If the WHERE clause is not present, all records in the table are deleted.
If a WHERE clause is supplied, then only those rows for which the
WHERE clause boolean expression is true are deleted.
Rows for which the expression is false or NULL are retained.
2. Restrictions on DELETE Statements Within CREATE TRIGGER
The following restrictions apply to DELETE statements that occur within the
body of a CREATE TRIGGER statement:
The table-name specified as part of a
DELETE statement within
a trigger body must be unqualified. In other words, the
schema-name. prefix on the table name is not allowed
within triggers. If the table to which the trigger is attached is
not in the temp database, then DELETE statements within the trigger
body must operate on tables within the same database as it. If the table
to which the trigger is attached is in the TEMP database, then the
unqualified name of the table being deleted is resolved in the same way as
it is for a top-level statement (by searching first the TEMP database, then
the main database, then any other databases in the order they were
The INDEXED BY and NOT INDEXED clauses are not allowed on DELETE
statements within triggers.
The LIMIT and ORDER BY clauses (described below) are unsupported for
DELETE statements within triggers.
The RETURNING clause is not supported for triggers.
3. Optional LIMIT and ORDER BY clauses
If SQLite is compiled with the SQLITE_ENABLE_UPDATE_DELETE_LIMIT
compile-time option, then the syntax of the DELETE statement is
extended by the addition of optional ORDER BY and LIMIT clauses:
If a DELETE statement has a LIMIT clause, the maximum number of rows that
will be deleted is found by evaluating the accompanying expression and casting
it to an integer value. If the result of the evaluating the LIMIT clause
cannot be losslessly converted to an integer value, it is an error. A
negative LIMIT value is interpreted as "no limit". If the DELETE statement
also has an OFFSET clause, then it is similarly evaluated and cast to an
integer value. Again, it is an error if the value cannot be losslessly
converted to an integer. If there is no OFFSET clause, or the calculated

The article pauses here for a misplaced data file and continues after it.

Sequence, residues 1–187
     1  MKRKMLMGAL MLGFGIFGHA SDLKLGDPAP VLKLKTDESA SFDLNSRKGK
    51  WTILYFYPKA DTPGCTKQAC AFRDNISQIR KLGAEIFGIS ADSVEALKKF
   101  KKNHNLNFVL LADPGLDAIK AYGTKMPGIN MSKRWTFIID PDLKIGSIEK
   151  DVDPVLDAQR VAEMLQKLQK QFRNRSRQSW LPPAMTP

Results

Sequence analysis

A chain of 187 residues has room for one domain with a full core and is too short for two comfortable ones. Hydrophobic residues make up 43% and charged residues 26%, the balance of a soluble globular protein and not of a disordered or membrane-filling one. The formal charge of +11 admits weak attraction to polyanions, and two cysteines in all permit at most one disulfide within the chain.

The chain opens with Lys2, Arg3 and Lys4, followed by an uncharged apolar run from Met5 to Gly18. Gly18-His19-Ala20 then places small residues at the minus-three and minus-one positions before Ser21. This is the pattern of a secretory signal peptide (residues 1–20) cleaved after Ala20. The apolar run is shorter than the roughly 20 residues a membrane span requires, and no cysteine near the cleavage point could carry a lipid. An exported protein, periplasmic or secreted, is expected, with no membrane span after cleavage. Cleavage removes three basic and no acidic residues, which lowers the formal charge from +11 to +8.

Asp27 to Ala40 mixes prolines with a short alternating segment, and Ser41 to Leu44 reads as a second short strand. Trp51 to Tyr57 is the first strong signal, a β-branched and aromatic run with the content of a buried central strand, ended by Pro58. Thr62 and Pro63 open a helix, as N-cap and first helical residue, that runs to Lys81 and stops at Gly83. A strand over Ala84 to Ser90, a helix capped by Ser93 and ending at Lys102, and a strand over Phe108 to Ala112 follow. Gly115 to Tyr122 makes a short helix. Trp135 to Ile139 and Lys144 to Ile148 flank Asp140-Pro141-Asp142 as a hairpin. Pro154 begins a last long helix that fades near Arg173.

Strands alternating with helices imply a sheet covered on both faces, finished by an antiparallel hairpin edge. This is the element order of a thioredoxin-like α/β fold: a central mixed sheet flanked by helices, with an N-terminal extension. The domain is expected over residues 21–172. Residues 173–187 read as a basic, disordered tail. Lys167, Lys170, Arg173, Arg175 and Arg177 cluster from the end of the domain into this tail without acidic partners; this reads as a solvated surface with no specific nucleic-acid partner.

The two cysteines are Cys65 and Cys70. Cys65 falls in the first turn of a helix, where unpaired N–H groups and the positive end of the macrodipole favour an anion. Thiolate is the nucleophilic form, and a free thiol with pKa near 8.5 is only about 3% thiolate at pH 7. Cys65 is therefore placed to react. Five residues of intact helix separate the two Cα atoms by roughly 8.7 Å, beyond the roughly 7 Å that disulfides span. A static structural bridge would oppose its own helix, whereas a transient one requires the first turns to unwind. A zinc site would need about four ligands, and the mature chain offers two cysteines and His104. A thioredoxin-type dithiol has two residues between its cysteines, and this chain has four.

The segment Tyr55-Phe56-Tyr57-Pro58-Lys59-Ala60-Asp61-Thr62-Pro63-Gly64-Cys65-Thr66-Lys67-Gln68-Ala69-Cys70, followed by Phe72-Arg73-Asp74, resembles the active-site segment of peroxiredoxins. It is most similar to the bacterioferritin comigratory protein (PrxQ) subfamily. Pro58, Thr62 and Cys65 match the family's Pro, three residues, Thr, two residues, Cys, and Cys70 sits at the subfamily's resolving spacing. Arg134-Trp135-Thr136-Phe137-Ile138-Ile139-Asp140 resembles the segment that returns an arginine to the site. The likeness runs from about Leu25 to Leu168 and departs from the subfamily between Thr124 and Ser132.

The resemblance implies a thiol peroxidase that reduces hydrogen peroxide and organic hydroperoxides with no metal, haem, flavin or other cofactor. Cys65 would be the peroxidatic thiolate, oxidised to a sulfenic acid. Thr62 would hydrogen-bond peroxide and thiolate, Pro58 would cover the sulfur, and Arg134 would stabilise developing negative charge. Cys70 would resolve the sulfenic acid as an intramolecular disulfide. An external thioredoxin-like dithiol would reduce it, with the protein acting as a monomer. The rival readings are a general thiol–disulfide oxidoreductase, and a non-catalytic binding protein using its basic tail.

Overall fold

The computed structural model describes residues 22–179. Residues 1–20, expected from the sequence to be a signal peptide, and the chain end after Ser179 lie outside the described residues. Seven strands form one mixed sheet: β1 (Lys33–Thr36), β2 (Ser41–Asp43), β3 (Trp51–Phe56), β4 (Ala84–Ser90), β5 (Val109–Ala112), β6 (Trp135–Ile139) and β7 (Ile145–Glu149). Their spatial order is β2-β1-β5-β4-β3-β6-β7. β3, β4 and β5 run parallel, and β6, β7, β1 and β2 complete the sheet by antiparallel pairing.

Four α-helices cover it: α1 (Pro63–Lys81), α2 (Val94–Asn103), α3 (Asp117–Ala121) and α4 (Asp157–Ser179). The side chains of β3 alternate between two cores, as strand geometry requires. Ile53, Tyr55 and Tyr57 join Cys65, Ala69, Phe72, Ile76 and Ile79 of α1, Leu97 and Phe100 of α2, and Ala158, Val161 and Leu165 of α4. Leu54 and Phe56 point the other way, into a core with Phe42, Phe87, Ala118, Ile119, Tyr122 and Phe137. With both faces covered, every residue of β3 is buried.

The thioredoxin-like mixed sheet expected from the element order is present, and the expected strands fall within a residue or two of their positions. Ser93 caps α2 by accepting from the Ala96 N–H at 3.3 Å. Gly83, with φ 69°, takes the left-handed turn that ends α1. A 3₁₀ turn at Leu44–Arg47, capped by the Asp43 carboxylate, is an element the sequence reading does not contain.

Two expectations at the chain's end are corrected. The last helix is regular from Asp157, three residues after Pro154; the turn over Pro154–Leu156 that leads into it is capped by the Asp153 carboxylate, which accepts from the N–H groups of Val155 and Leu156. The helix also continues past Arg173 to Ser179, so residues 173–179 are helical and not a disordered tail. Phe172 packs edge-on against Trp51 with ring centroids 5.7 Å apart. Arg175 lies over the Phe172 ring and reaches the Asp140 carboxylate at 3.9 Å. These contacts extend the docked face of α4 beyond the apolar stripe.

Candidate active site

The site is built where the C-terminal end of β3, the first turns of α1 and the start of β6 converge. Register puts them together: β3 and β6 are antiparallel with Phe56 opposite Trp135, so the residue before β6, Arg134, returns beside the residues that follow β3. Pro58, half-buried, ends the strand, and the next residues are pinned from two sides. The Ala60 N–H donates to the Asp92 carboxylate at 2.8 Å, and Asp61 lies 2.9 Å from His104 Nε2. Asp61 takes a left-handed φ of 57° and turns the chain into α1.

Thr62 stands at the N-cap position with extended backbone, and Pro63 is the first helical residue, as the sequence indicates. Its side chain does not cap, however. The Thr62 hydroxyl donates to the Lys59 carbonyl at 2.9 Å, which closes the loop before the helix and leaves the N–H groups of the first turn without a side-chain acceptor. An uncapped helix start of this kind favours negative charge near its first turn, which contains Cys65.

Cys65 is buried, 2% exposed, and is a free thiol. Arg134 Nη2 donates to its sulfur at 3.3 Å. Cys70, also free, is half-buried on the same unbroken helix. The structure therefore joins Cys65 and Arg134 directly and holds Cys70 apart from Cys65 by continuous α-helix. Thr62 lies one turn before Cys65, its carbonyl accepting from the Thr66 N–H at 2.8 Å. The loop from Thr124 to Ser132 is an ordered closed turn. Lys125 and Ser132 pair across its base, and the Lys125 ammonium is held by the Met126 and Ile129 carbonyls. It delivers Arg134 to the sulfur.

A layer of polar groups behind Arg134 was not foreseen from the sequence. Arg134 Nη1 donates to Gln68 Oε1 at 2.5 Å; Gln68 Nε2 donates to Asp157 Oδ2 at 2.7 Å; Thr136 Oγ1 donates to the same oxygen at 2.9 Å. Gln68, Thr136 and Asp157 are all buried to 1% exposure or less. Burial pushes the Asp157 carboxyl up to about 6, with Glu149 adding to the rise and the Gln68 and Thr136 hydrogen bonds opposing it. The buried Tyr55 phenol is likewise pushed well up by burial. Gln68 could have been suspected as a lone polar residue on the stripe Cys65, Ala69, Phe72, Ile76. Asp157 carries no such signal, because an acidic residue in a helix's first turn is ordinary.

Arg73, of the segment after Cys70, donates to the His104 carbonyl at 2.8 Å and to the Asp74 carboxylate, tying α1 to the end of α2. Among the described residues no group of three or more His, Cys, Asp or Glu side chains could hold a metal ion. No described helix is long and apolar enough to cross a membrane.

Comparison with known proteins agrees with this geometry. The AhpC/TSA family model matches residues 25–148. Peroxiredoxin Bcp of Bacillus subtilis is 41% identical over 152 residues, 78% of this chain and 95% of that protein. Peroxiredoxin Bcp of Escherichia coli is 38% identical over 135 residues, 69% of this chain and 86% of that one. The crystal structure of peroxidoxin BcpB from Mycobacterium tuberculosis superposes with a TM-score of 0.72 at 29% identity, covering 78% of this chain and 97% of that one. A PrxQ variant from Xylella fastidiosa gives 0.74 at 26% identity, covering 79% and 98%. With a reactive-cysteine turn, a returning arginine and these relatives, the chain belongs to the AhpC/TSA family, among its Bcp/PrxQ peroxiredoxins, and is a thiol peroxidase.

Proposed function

integer value is negative, the effective OFFSET value is zero.
If the DELETE statement has an ORDER BY clause, then all rows that would
be deleted in the absence of the LIMIT clause are sorted according to the
ORDER BY. The first M rows, where M is the value found by
evaluating the OFFSET clause expression, are skipped, and the following
N, where N is the value of the LIMIT expression, are deleted.
If there are less than N rows remaining after taking the OFFSET clause
into account, or if the LIMIT clause evaluated to a negative value, then all
remaining rows are deleted.
If the DELETE statement has no ORDER BY clause, then all rows that
would be deleted in the absence of the LIMIT clause are assembled in an
arbitrary order before applying the LIMIT and OFFSET clauses to determine
the subset that are actually deleted.
The ORDER BY clause on a DELETE statement is used only to determine which
rows fall within the LIMIT. The order in which rows are deleted is arbitrary
and is not influenced by the ORDER BY clause.
This means that if there is a RETURNING clause, the rows returned by
the statement probably will not be in the order specified by the
ORDER BY clause.
4. The Truncate Optimization
When the WHERE clause and RETURNING clause are both omitted
from a DELETE statement and the table being deleted has no triggers,
SQLite uses an optimization to erase the entire table content
without having to visit each row of the table individually.
This "truncate" optimization makes the delete run much faster.
Prior to SQLite version 3.6.5 (2008-11-12), the truncate optimization
also meant that the sqlite3_changes() and
and the count_changes pragma
will not actually return the number of deleted rows.
That problem has been fixed as of version 3.6.5 (2008-11-12).
The truncate optimization can also be disabled at runtime using
the sqlite3_set_authorizer() interface. If an authorizer callback
returns SQLITE_IGNORE for an SQLITE_DELETE action code, then
the DELETE operation will proceed but the truncate optimization will
be bypassed and rows will be deleted one by one.